TOPSHAM —

Carolyn Sweet’s son Logan, six years ago this May, got off the bus like every other normal day. It was a beautiful Friday afternoon. Logan had a fun play date with a neighborhood friend and then the family was getting ready to go out for bowling. Without any warning Logan collapsed on the living room floor, only to take his last breath in his mother’s arms.

Logan had passed away. He was only six years old. How could a six year old boy die without warning, only two days after a doctor’s physical? The news quickly spread within the community and the family was devastated. The family learned two days after Logan’s passing that his autopsy report indicated that his heart was 75 percent larger than normal and within four months time, the family learned that Logan’s death was caused by a virus that attacked his heart. The virus attack is called Viral Myocarditits.

Later on, the Sweet family learned that if Logan, during his six-year physical, would have asserted his heart in some manner, an irregular heartbeat could have been detected. However, most physicals are conducted with doctors listening to the heart while resting. The findings prompted the Sweet family to have fundraisers to educate and bring awareness to this rare heart condition.

The family founded The Logan Sweet Foundation to raise funds for the Myocarditis Foundation. The emphasis is on good eating habits, good health and the importance of living a healthy and happy lifestyle, and being proactive in your child’s medical visits is part of The Logan Sweet Foundation’s mission as well as helping others who have experienced this tragedy.

Carolyn Sweet came to Studio 48 Performing Arts and Dance Center for lessons earlier this year, for two of her children. Rebecca Beck, owner of the Studio and founder of the New England Regional Theater Company, also the music director and producer, expressed to Sweet that she wanted to help spread awareness of this heart condition, and decided to donate 10 percent of the ticket sales to the “Logan Sweet Foundation” from the upcoming production of  “Oliver!, The Musical” which is the retelling of Charles Dickens’ story, “Oliver Twist,” played by (Johnmarcus Willey) of Bath.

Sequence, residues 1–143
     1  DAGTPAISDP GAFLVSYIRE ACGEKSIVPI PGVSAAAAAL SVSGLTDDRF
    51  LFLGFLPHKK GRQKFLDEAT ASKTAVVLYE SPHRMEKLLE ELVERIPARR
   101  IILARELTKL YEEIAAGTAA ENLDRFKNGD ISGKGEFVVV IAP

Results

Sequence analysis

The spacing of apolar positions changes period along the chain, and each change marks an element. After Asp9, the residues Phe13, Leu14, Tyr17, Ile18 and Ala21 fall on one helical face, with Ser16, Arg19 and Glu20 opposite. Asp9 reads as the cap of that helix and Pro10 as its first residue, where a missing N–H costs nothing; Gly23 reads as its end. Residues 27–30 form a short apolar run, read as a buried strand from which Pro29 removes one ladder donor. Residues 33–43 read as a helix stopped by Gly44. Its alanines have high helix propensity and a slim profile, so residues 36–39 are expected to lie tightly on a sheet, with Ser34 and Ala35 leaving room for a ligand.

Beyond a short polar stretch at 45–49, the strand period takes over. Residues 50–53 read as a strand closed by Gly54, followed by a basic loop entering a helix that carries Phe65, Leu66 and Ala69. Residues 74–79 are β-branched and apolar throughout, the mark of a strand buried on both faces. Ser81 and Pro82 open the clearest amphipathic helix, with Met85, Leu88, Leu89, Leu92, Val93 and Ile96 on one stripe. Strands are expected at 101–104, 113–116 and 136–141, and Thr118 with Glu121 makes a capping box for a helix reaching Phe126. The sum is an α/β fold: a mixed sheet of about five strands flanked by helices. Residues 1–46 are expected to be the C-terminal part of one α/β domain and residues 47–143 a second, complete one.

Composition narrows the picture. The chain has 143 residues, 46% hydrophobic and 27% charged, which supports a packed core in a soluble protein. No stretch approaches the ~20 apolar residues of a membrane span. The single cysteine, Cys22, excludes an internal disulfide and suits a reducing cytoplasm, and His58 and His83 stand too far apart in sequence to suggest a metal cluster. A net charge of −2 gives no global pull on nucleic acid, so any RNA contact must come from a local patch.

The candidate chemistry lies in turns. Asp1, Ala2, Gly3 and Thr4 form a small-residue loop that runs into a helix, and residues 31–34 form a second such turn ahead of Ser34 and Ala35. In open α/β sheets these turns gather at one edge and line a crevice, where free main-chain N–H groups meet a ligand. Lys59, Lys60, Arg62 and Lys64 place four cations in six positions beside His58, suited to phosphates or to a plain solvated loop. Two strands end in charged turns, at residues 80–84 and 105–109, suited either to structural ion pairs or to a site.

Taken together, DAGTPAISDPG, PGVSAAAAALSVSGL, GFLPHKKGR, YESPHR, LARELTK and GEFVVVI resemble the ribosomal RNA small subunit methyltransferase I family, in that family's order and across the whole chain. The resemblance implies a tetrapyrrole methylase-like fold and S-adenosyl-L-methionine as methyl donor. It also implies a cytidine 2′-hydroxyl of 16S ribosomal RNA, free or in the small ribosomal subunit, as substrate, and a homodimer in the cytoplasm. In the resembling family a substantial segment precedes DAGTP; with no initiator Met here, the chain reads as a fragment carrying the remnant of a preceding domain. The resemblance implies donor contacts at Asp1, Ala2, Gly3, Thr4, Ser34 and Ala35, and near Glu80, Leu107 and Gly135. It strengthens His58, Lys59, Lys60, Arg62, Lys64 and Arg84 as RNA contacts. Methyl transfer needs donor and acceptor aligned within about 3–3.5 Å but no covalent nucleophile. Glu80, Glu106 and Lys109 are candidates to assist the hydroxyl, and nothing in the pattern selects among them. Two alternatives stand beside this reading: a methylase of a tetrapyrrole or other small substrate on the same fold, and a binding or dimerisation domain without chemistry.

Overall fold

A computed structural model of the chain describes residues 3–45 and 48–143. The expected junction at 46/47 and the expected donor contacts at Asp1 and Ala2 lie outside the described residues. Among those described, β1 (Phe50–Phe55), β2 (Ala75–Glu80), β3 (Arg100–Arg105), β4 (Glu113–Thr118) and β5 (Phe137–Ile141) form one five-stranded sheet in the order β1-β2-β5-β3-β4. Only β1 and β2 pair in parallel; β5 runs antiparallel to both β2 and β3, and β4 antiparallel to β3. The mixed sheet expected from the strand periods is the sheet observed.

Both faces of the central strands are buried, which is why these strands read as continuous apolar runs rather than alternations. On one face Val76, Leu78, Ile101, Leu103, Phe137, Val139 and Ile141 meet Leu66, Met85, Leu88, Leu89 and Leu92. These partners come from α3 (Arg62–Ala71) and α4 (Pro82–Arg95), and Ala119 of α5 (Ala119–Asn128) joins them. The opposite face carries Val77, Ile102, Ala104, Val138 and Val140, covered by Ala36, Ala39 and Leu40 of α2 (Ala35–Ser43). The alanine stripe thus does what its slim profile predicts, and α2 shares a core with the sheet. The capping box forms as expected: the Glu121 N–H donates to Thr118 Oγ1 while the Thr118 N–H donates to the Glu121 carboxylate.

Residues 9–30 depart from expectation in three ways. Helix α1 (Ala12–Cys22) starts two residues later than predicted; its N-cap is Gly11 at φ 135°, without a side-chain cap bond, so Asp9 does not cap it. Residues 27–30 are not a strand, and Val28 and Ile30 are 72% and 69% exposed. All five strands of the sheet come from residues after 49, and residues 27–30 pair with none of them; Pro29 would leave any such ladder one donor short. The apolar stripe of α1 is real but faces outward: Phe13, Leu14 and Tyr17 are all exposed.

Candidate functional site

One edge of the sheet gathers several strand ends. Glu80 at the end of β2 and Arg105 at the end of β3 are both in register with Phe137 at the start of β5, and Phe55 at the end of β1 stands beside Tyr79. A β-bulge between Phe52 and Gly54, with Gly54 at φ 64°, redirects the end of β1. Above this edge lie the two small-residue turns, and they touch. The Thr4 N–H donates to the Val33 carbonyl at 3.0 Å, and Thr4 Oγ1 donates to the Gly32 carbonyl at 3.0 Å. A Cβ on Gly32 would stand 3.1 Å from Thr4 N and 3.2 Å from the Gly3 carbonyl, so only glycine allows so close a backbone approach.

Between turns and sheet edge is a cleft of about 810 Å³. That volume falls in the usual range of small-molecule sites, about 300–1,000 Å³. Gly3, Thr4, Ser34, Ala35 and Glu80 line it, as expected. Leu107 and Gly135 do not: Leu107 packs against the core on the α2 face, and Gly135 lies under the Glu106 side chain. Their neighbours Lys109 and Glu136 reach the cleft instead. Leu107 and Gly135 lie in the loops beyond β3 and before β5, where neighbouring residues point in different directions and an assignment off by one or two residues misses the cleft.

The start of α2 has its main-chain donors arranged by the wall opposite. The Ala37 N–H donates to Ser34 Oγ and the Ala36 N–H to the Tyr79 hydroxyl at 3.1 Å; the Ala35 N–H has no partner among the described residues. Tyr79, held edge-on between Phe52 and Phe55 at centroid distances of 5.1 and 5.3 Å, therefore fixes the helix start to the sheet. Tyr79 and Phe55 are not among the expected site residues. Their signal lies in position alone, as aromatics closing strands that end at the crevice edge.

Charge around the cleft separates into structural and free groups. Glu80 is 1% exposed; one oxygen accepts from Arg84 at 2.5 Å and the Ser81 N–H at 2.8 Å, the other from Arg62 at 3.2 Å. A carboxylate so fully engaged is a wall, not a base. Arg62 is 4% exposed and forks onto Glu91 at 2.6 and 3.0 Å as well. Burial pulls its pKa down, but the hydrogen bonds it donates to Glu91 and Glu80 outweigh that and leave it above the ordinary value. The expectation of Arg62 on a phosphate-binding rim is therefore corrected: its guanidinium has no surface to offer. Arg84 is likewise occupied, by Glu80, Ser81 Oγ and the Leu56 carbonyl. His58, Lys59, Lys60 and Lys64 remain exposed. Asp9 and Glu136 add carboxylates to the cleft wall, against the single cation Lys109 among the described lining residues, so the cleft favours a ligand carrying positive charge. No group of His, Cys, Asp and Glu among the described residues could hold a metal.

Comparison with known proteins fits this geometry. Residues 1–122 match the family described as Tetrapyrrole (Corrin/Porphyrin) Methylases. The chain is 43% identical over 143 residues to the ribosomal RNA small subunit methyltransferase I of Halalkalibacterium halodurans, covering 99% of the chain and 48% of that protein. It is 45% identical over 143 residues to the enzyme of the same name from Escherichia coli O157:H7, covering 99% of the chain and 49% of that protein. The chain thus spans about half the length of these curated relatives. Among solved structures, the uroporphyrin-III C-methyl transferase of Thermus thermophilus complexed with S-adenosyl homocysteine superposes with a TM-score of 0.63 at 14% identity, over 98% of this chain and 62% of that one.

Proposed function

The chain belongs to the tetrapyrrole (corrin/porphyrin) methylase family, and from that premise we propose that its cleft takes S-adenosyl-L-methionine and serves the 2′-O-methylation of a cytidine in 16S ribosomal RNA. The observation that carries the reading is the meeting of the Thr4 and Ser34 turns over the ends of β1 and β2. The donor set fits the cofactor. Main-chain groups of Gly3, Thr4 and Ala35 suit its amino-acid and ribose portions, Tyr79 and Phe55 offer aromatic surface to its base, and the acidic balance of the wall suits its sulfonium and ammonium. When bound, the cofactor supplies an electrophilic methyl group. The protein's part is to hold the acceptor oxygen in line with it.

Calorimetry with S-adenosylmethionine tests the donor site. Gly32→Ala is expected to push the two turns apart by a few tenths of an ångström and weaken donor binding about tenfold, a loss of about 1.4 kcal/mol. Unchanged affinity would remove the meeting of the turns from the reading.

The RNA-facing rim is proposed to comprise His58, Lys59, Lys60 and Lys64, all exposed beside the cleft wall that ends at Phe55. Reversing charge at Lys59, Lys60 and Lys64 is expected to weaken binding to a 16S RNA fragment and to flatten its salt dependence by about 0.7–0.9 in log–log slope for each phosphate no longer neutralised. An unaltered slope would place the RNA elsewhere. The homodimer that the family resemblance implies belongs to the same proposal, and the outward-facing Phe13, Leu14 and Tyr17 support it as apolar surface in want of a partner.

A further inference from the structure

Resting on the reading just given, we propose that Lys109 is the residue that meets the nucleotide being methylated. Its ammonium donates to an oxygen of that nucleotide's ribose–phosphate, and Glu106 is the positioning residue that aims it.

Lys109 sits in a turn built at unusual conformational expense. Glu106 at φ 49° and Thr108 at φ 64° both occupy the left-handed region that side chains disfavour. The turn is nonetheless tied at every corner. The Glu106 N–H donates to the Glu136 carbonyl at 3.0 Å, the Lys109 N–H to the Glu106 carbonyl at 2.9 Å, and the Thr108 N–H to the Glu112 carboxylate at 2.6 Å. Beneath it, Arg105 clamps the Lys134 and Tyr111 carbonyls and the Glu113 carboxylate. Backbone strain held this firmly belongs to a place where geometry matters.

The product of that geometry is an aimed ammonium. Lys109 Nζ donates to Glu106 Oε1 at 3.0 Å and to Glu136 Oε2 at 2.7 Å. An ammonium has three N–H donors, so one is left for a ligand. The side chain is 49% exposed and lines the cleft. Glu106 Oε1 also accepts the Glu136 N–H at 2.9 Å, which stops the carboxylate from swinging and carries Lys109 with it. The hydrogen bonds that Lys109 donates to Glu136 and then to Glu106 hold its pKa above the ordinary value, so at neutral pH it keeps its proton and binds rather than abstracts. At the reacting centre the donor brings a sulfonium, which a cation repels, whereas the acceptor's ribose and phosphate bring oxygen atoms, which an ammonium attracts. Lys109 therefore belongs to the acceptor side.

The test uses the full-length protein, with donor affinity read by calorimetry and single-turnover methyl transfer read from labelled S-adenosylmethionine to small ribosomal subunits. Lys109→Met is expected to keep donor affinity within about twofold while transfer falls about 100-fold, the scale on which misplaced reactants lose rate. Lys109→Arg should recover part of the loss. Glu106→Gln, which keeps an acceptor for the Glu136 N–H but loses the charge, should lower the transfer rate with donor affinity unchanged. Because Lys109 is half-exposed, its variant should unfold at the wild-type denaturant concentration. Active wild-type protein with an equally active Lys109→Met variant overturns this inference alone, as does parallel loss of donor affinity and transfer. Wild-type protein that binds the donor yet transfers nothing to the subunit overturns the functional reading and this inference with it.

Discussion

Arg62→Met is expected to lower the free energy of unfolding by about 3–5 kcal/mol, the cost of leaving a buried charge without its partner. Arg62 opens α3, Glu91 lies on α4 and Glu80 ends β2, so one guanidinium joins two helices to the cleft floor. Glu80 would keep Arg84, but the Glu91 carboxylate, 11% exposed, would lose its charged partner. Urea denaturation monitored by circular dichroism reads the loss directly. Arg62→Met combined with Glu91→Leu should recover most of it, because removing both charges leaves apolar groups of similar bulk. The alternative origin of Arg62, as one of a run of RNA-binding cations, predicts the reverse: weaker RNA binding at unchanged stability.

The plot concerns the adventures of an orphan boy (Oliver) in 19th-century London as he escapes abusive treatment in an orphanage and joins Fagin’s Gang, played by( Patrick Scully of Brunswick), and his pickpocket boys headed by Dodger, (Sam Allen of Harpswell). Nancy, played by (Andrea Carr of Topsham), protects Oliver to her death, murdered by her abusive lover, Bill Sykes, played by (Kyle Aarons of Topsham), but a wealthy man Mr. Brownlow, (played by Mike Blakemore of Bath), discovers that Oliver is his grandson. Oliver, in the end, lives comfortably in his grandfather’s home.

The show originally opened in London’s West End in 1960, and ran for over 2,600 performances. It came to the U.S. for a national tour in 1962, followed by a Broadway production opening in 1963. “Oliver!” has had a number of revivals in London and New York, and has been an audience favorite in regional theaters for decades. Many of the show’s themes seem very current to the 21st century, such as poverty and abuse in which, Adam P. Blais, director and choreographer brings to the stage such human elements with a realistic approach, even though the story is fictional.

Songs include “Where is Love,” “It’s a Fine Life,” “I’d Do Anything,” and “As Long As he Needs Me, ” with high-spirited dance numbers filled with unforgettable tunes, including “Pick-a-pocket,” and “Consider Yourself.”

The musical will be accompanied by a live eight-piece orchestra conducted by David Doyon. Tickets are $15/$12/$10. For more information, call 207-798-6966 or to reserve your tickets email [email protected]


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